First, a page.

I. Pathology

  1. Noncaseating granulomata formed by T cells & monocytes
  2. Organs usually affected: lung, skin, eye, lymph nodes

II. Epidemiology

  1. Slight female predominance and black more common than white
  2. Usually presents age 20-40
  3. Nonsmokers get it more often!

III. Clinical features

  1. Clinical manifestations are secondary to structural distortion of tissues from the granulomas; can get permanent loss of function, however, from prolonged involvement & scarring
  2. Clinical course is variable; can be acute/self-limiting but usually have insidious onset over months
  3. Consitutional sx: fever, fatigue, malaise, anorexia, weight loss
  4. Polyarthritis
  5. Pulmonic sx: cough, dyspnea, chest pain (most common sx); interstitial lung disease is the most common type of pulmonic involvement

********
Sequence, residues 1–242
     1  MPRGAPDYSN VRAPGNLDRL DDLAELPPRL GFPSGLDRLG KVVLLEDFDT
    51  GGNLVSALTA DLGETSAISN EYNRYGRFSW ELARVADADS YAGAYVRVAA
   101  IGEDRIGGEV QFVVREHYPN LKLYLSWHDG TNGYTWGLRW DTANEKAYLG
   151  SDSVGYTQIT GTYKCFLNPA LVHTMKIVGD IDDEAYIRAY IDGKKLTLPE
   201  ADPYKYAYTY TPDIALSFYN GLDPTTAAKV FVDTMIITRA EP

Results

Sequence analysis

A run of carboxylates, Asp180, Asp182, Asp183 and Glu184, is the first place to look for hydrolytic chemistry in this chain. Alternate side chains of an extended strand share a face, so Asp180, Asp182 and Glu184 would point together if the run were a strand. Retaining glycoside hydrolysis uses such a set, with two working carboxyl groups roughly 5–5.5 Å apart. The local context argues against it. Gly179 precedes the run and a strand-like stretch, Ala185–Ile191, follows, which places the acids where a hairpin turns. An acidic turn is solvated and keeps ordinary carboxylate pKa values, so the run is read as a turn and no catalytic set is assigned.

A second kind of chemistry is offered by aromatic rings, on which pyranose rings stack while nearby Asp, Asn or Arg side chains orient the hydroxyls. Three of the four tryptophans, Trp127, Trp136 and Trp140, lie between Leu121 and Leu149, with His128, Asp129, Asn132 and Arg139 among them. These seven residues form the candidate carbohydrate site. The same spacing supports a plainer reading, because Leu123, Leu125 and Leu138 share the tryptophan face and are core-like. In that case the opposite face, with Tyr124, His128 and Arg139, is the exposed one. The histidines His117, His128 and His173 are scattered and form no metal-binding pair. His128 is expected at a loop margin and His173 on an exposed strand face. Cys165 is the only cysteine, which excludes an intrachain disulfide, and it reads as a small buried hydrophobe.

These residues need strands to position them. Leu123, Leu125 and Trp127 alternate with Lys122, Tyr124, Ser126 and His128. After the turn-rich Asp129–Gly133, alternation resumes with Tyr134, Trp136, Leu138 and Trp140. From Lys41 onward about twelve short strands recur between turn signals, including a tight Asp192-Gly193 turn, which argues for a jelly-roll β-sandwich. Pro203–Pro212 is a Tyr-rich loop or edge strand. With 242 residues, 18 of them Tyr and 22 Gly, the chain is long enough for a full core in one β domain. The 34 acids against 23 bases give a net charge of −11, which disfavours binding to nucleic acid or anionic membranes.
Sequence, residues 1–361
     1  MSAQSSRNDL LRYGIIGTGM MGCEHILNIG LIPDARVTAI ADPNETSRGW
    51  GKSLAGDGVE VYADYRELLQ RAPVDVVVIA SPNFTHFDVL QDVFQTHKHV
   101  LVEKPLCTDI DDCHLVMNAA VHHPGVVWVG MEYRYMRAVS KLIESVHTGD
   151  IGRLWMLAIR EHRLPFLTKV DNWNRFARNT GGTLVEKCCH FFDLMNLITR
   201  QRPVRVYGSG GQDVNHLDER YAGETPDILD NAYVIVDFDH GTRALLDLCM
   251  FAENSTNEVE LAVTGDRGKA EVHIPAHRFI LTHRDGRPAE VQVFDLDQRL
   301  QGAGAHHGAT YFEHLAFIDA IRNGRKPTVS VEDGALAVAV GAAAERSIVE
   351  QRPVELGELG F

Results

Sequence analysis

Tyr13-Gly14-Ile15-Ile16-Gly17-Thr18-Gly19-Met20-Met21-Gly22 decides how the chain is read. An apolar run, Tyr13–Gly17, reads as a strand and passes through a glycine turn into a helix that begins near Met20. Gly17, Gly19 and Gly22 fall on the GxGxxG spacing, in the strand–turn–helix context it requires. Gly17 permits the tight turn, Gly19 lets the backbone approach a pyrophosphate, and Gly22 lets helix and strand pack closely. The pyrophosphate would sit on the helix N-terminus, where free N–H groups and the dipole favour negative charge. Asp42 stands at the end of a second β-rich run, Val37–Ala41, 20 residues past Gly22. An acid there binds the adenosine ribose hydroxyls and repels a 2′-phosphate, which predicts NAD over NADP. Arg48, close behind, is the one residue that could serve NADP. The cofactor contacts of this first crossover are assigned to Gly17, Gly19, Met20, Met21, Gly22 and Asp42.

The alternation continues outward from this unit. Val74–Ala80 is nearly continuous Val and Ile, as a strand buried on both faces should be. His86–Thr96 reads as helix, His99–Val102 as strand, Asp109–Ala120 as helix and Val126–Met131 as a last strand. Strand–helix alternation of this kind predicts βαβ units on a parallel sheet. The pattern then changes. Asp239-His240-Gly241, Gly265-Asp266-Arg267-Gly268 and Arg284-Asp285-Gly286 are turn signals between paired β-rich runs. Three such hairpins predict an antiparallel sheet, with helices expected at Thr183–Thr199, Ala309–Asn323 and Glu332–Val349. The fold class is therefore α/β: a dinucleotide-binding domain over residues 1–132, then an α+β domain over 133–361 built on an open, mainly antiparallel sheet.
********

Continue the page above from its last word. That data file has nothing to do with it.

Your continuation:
6. Peripheral, including thoracic, nontender lymphadenopathy (very common)
  7. Mild anemia due to BM involvement
  8. Skin involvement, esp. erythema nodosum (25% of pts)
  9. Eye involvement (25% of pts): sx include blurred vision, tearing, photophobia; can cause blindness
  10. Nasal stuffiness (20% of pts)

IV. Treatment

  1. Corticosteroids have traditionally been the mainstay of treatment
    1. In a systematic review of 8 randomized trials, oral corticosteroids were found to be ass'd with radiologic improvement c/w placebo; also improvements in pulmolnary function and sx (the latter two limited to pst with "stage 2" or "stage 3" disease); data on inhaled steroids is limited and inconclusive (JAMA 287:1301, 2002--AFP)